I was hanging around a social function recently and overheard a few ladies chatting about their growing broods. There were the usual kvetches about chutzpah, which soon morphed into a general discussion about sibling rivalry and the optimum size and makeup of the perfect family. A friendly argument broke out whether they preferred sons to daughters and whether they were better mothers to their older children than their younger ones.

My heart went out to one woman who was standing on the side unable to join in the conversation. She is yet to have children. Even herMy heart went out to one woman who was standing on the side unable to join in the conversation. best friends don’t know how much time and money she and her husband have spent trying to have a child. Though I have been in regular contact with them on their journey, I only know some of the pain they experience daily.

I felt so uncomfortable, on her behalf, from the blithe assumptions of her friends that they could have as many children as they wanted, when they wanted them. I was tempted to create a diversion just so they would change the topic.

The next time we met I mentioned the incident, but her reaction was far nobler than I had imagined. She told me that she feels nothing but happiness for her friends and their comparative easier paths through life. She does not want people to abruptly switch the conversation as she walks in. Over the years she has done her utmost to avoid self-pity or jealousy. “G‑d gives each of us whatever we need,” were her words. “If and when my time comes, I don’t want to look back with regret at the time I wasted worrying about others.”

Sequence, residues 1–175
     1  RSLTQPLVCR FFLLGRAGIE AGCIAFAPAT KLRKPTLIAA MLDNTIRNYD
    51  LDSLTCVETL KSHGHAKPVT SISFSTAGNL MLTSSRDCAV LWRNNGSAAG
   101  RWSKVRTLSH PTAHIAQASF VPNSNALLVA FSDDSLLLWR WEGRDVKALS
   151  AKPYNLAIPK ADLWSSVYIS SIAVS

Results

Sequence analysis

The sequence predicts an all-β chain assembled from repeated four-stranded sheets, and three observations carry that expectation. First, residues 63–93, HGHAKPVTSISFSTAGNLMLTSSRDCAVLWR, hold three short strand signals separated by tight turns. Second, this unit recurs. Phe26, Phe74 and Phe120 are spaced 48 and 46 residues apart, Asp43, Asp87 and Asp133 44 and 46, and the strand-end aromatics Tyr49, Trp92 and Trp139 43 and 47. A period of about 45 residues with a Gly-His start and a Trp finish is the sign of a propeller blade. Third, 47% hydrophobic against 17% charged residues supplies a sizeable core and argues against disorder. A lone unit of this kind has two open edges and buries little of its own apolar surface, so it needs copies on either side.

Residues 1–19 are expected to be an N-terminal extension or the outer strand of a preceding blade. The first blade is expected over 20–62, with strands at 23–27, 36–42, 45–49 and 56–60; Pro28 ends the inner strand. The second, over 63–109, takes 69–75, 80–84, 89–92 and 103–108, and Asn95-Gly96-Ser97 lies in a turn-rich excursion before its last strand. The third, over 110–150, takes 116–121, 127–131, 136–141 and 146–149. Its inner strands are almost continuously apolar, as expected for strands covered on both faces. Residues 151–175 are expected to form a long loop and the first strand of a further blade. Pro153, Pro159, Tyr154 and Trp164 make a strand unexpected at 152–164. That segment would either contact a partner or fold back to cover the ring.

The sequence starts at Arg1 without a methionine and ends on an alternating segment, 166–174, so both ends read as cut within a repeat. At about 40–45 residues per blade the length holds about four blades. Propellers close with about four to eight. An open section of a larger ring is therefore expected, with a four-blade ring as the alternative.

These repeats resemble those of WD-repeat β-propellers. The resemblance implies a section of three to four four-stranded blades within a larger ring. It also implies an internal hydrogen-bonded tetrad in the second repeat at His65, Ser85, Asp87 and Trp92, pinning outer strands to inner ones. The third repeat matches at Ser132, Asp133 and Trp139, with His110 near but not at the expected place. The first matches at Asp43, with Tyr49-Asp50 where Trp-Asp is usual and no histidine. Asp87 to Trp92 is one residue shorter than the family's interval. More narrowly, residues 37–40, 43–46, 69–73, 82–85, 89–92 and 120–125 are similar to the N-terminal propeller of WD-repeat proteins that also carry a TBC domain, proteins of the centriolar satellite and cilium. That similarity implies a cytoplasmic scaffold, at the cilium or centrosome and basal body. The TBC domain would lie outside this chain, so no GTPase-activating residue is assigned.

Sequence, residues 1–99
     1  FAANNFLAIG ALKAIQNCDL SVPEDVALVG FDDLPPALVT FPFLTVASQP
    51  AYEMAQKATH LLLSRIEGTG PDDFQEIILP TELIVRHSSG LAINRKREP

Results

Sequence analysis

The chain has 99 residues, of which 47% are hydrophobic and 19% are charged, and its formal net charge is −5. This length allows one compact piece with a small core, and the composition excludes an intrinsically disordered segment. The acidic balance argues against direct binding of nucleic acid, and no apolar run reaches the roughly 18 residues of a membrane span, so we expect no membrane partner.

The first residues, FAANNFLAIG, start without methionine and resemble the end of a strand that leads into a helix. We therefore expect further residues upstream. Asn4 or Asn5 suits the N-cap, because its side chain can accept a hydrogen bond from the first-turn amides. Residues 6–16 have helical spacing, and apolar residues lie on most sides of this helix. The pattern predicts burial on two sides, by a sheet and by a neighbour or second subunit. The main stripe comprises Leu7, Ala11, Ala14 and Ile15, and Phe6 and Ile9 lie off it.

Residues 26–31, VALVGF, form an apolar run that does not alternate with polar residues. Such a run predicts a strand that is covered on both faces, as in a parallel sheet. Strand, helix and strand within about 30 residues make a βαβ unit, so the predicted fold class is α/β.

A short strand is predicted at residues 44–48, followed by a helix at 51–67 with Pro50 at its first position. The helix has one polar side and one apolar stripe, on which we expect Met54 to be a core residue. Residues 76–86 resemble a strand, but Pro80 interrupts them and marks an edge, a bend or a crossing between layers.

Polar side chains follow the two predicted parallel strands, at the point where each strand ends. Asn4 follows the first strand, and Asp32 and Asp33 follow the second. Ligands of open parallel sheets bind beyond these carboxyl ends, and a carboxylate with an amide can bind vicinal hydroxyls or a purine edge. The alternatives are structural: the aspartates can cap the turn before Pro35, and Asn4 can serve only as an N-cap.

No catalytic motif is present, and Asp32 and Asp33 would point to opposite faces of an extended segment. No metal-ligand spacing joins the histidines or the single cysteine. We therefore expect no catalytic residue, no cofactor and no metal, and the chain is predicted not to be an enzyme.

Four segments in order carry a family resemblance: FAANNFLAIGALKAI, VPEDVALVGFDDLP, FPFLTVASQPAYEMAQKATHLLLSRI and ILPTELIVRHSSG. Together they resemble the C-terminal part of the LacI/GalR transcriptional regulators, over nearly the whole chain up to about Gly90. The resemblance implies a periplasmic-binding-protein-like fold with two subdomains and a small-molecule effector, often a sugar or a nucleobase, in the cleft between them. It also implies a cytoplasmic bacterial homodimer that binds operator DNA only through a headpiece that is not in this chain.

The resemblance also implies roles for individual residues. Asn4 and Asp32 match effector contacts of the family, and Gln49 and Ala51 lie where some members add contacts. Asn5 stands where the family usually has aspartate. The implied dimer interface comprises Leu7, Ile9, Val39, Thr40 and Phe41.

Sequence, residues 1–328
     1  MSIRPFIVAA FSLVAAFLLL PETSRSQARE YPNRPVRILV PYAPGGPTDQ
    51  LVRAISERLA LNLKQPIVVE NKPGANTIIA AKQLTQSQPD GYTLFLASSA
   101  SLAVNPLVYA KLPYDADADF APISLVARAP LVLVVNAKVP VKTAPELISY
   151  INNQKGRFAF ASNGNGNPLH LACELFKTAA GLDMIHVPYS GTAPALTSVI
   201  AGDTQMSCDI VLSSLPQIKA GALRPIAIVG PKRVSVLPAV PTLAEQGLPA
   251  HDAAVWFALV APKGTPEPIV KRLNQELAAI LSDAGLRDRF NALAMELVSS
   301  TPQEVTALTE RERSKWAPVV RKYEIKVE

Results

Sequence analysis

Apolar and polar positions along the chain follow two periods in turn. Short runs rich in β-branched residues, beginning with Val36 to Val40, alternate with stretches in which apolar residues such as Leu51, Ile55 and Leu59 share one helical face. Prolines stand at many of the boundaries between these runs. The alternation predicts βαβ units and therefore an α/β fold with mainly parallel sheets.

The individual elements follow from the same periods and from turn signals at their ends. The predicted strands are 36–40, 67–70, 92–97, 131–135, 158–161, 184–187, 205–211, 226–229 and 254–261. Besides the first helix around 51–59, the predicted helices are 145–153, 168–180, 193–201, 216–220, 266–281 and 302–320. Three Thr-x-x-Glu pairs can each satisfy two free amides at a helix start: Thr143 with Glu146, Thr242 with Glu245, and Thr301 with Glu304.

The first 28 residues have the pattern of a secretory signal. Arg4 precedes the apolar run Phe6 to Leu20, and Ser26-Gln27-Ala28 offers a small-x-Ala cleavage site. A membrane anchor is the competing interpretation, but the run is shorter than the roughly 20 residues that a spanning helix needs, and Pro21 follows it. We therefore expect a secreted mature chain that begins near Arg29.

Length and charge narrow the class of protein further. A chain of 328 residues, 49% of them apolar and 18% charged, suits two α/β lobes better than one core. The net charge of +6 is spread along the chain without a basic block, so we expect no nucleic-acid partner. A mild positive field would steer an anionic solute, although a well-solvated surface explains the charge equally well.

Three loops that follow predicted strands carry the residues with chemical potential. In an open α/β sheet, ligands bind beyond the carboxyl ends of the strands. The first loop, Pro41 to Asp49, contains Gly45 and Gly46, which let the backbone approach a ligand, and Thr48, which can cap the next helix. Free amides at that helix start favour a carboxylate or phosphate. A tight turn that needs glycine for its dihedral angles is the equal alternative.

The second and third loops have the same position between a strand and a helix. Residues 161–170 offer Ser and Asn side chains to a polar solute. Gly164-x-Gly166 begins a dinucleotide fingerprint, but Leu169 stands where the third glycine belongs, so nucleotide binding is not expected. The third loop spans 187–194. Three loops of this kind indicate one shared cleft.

In my work at Shifra, which provides halachic supervision and counseling to people undergoing infertility treatment, I am constantly awed by the faith, strength and courage shown by the couples we work with. Perhaps because of difficulties they have had in conceiving, they truly appreciate those blessings that their friends seem to take for granted, and the struggles they surmount help them appreciate the guiding hand of G‑d.

We live in a blessed age. Never before have there been so many options.

We live in a blessed age. Never before have there been so many options for couples struggling with infertility. Until relatively recently, our only recourse against childlessness was hope and prayer. Obviously, even today we rely exclusively on G‑d’s blessing - with doctors and embryologists acting only as His agents - yet the range of treatments that are currently available are nothing short of miraculous.

Unfortunately, even in this age of miracles, not every fertility issue is solvable and even the wonders of reproductive medicine cannot absolutely guarantee success. It is a sad fact that some couples will never have their own children.

We begin the Torah portion this week with the words When a woman conceives and gives birth. (Tazria 12:1) The rabbis interpret the verse as an allegorical reference to the process of leaving one’s mark on the world. Not everyone is blessed with children, but everyone can leave spiritual heirs. The people we influence and the lives we touch are our spiritual progeny and they are the children we leave behind us when we’ve gone.

Our life’s worth is measured on the sum total of our accomplishments, not just the number of children we leave behind. There is nothing more beautiful on this world than Jewish children. Every child is a blessing from G‑d and every extra Jew born is a boon to our entire nation. But, so too, every mitzvah we accomplish is a way of attaining immortality.

Our greatest achievement is the imprint we leave on others and this is the true measure of value from the time we spend on this world.